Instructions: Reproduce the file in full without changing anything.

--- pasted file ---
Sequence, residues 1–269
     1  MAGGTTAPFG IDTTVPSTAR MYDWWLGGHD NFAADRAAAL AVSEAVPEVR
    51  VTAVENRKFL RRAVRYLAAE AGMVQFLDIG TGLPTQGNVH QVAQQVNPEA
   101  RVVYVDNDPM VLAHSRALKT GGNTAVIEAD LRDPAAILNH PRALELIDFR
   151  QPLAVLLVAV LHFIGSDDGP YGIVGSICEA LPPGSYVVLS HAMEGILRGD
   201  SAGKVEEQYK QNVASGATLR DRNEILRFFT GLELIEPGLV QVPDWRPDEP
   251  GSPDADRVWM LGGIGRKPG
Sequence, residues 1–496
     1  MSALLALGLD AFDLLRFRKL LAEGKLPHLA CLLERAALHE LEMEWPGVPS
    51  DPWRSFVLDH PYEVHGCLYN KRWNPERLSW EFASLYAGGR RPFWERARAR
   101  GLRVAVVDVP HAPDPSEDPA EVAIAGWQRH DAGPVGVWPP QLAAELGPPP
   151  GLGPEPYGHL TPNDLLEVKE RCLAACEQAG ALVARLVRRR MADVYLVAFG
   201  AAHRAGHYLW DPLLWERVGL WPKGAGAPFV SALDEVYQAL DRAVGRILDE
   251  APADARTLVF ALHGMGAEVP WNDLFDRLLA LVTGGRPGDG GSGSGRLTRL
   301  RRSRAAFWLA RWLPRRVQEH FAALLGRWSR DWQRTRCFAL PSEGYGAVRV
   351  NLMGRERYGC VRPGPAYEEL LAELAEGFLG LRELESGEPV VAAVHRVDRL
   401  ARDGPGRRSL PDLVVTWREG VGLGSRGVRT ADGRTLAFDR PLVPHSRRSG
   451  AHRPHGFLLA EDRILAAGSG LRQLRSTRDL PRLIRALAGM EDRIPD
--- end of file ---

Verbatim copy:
Sequence, residues 1–269
     1  MAGGTTAPFG IDTTVPSTAR MYDWWLGGHD NFAADRAAAL AVSEAVPEVR
    51  VTAVENRKFL RRAVRYLAAE AGMVQFLDIG TGLPTQGNVH QVAQQVNPEA
   101  RVVYVDNDPM VLAHSRALKT GGNTAVIEAD LRDPAAILNH PRALELIDFR
   151  QPLAVLLVAV LHFIGSDDGP YGIVGSICEA LPPGSYVVLS HAMEGILRGD
   201  SAGKVEEQYK QNVASGATLR DRNEILRFFT GLELIEPGLV QVPDWRPDEP
   251  GSPDADRVWM LGGIGRKPG
Sequence, residues 1–496
     1  MSALLALGLD AFDLLRFRKL LAEGKLPHLA CLLERAALHE LEMEWPGVPS
    51  DPWRSFVLDH PYEVHGCLYN KRWNPERLSW EFASLYAGGR RPFWERARAR
   101  GLRVAVVDVP HAPDPSEDPA EVAIAGWQRH DAGPVGVWPP QLAAELGPPP
   151  GLGPEPYGHL TPNDLLEVKE RCLAACEQAG ALVARLVRRR MADVYLVAFG
   201  AAHRAGHYLW DPLLWERVGL WPKGAGAPFV SALDEVYQAL DRAVGRILDE
   251  APADARTLVF ALHGMGAEVP WNDLFDRLLA LVTGGRPGDG GSGSGRLTRL
   301  RRSRAAFWLA RWLPRRVQEH FAALLGRWSR DWQRTRCFAL PSEGYGAVRV
   351  NLMGRERYGC VRPGPAYEEL LAELAEGFLG LRELESGEPV VAAVHRVDRL
   401  ARDGPGRRSL PDLVVTWREG VGLGSRGVRT ADGRTLAFDR PLVPHSRRSG
   451  AHRPHGFLLA EDRILAAGSG LRQLRSTRDL PRLIRALAGM EDRIPD